Sep. 21st, 2012

realthog: (Default)

In most democratic societies, deliberate vote suppression is a crime; there's little effective difference between vote suppression, ballot stuffing, and just burning the votes placed for the candidate you don't like.

In the US, for reasons I cannot fathom, vote suppression seems to be regarded as perfectly legal -- even in instances, such as the current one in Pennsylvania (shame on that great state), where the declared aim of the electoral purge is to win the state for Romney.

It's the kind of crap that doesn't go down well in Uzbekistan or Belorussia, yet apparently it's good enough for the US.

Earlier this year, the defenders of democracy took the ruling of the state of Pennsylvania's Republican legislature to court, only to be told by a Republican-appointed judge that there was nothing wrong with the practice because it could not be proven the rule would disenfranchise people.

In fact, most calculations show it's likely to disenfranchise as many as three-quarters of a million people.

The excuse for the vote suppression is that it's to minimize voter fraud (where people vote twice, or vote under a false name, or vote when they're not entitled to), depicted by Republican legislators, Republican pundits and FOX News as a major problem.

Is it? A few days ago the Republican-dominated Pennsylvania Supreme Court, while not insisting the measure be instantly repealed and the damage redressed pronto, merely threw the decision back at the original no problemo Republican-appointed judge with instructions to reconsider his reasoning.

This was despite the fact that, in addressing the issue of voter fraud, the Supremes found as follows (my emboldening):

The Commonwealth stipulated[:]
1. There have been no investigations or prosecutions of in-person voter fraud in Pennsylvania; and the parties do not have direct personal knowledge of any such investigations or prosecutions in other states;
2. The parties are not aware of any incidents of in-person voter fraud in Pennsylvania and do not have direct personal knowledge of in-person voter fraud elsewhere;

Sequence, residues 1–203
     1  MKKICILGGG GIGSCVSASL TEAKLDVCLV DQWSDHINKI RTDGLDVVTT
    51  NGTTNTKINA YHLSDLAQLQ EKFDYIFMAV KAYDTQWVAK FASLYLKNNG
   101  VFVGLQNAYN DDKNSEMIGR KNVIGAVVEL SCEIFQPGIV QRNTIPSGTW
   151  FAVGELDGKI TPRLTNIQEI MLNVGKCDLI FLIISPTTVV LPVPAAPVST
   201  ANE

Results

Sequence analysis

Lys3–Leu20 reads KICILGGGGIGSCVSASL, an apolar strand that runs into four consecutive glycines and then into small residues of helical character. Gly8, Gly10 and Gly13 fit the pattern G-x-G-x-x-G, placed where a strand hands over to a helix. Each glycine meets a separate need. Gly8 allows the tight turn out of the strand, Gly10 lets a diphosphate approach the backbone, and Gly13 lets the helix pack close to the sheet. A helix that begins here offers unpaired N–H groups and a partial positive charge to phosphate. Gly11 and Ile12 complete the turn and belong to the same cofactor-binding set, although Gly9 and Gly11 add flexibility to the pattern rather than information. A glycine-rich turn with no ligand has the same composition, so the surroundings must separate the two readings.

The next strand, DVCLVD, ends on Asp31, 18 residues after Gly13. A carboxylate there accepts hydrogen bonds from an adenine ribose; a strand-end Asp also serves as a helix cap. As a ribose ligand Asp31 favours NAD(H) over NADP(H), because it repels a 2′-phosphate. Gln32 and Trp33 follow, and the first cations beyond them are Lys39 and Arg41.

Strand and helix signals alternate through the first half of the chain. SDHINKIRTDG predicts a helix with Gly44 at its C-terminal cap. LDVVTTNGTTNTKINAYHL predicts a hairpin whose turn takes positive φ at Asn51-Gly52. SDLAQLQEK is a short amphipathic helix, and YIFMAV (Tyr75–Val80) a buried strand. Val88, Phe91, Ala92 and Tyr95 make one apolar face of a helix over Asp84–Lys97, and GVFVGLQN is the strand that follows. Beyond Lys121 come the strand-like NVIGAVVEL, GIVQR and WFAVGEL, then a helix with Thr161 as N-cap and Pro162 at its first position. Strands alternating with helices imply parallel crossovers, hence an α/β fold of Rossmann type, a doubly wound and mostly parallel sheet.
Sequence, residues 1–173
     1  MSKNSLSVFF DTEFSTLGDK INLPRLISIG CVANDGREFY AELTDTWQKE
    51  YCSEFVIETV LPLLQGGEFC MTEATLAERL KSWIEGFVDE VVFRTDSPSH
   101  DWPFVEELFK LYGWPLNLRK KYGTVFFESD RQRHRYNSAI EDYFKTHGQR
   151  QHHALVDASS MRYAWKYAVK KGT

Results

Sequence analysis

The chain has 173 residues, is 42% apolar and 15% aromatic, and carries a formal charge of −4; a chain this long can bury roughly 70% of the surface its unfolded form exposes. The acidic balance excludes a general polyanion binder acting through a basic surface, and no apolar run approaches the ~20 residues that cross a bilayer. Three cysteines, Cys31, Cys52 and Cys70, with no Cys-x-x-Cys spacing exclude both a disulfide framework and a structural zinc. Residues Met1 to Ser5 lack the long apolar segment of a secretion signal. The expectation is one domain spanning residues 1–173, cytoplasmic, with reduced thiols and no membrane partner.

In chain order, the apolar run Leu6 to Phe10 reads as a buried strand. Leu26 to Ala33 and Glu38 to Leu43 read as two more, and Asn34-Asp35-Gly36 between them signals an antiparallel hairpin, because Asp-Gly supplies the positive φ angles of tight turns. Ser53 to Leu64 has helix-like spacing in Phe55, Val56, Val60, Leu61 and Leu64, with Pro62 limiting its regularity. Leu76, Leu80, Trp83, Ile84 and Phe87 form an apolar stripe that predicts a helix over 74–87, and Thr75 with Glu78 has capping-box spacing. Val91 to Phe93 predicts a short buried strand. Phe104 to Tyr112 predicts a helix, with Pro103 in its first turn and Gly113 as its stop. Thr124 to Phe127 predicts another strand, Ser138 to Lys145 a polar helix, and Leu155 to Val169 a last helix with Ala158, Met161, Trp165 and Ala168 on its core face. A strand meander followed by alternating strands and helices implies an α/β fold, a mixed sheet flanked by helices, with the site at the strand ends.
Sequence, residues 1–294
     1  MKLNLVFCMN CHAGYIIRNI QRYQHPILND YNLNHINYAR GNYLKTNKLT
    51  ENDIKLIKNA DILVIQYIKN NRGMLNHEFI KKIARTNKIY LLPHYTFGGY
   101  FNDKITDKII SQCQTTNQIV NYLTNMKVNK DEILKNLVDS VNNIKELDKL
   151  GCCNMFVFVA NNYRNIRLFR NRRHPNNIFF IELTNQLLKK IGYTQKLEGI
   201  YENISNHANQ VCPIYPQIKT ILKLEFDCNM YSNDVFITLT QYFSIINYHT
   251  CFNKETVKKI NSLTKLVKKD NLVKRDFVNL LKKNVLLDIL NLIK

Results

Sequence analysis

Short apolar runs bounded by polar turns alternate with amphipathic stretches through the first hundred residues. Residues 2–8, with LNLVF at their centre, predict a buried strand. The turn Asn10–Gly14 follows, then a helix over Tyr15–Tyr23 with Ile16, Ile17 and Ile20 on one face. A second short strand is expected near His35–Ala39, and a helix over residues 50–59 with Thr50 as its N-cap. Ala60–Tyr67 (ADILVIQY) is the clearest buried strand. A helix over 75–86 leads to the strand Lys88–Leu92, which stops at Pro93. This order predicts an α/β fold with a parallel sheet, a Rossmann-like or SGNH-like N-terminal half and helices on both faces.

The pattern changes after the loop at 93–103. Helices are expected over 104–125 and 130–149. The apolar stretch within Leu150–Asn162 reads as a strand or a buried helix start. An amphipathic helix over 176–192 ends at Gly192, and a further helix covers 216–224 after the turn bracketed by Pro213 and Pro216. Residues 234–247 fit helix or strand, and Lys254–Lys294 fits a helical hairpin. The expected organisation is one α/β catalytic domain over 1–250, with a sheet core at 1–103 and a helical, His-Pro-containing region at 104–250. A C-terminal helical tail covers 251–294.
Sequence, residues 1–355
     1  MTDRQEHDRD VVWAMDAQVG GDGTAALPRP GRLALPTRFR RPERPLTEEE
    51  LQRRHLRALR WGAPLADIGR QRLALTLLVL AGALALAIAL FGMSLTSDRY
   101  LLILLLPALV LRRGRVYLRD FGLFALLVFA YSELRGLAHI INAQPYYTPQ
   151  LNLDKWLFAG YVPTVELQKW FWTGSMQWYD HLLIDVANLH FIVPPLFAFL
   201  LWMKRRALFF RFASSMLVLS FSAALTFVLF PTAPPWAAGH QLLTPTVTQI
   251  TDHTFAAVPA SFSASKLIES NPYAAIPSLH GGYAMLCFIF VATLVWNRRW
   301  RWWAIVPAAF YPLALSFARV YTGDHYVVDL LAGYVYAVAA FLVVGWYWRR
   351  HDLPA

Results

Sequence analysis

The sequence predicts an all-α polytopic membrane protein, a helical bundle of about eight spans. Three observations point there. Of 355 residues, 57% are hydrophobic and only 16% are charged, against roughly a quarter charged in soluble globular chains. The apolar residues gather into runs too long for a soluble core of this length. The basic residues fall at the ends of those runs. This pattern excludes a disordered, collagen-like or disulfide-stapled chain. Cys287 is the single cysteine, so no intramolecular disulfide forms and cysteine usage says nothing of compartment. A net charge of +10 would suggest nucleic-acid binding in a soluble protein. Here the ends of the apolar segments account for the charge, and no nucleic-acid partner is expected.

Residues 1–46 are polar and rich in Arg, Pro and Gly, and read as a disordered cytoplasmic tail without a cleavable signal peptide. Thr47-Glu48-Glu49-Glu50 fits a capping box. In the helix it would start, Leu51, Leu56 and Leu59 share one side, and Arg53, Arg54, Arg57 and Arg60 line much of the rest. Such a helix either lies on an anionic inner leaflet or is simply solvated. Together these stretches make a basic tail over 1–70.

3. [The Commonwealth] will not offer any evidence in this action that in-person voter fraud has in fact occurred in Pennsylvania or elsewhere . . .

 
In other words, so far as anyone can reasonably determine, there's no evidence that Pennsylvania has suffered one single instance of voter fraud.

Two of the Supreme Court judges, to their infinite credit, recognized that merely batting the decision back down the ladder was in itself anti-democratic. Their dissent, penned by Madame Justice Todd, is worth reading:

The majority correctly sets forth the standard of review that we, as the appellate court, are to apply in reviewing a lower court's order granting or denying a preliminary injunction. We review for an abuse of discretion. Yet, the majority utterly fails to apply that standard to this appeal. My application of the required standard leads me to the inescapable conclusion that the lower court indeed abused its discretion in failing to find that irreparable harm of constitutional magnitude — the disenfranchisement of a substantial number of eligible, qualified, registered voters, many of whom have been proudly voting for decades — was likely to occur based on the present structure, timing, and implementation of Act 18; in my assessment, the lower court should have granted a preliminary injunction. Therefore, I would reverse.

Like the majority, I am not “satisfied with a mere predictive judgment based primarily on the assurances of government officials.” But, unlike the majority, I have heard enough about the Commonwealth's scramble to meet this law's requirements. There is ample evidence of disarray in the record, and I would not allow chaos to beget chaos. The stated underpinnings of Act 18 — election integrity and voter confidence — are undermined, not advanced, by this Court's chosen course. Seven weeks before an election, the voters are entitled to know the rules.

By remanding to the Commonwealth Court, at this late date, and at this most critical civic moment, in my view, this Court abdicates its duty to emphatically decide a legal controversy vitally important to the citizens of this Commonwealth. The eyes of the nation are upon us, and this Court has chosen to punt rather than to act. I will have no part of it.

Mr. Justice McCaffery joins this dissenting statement.


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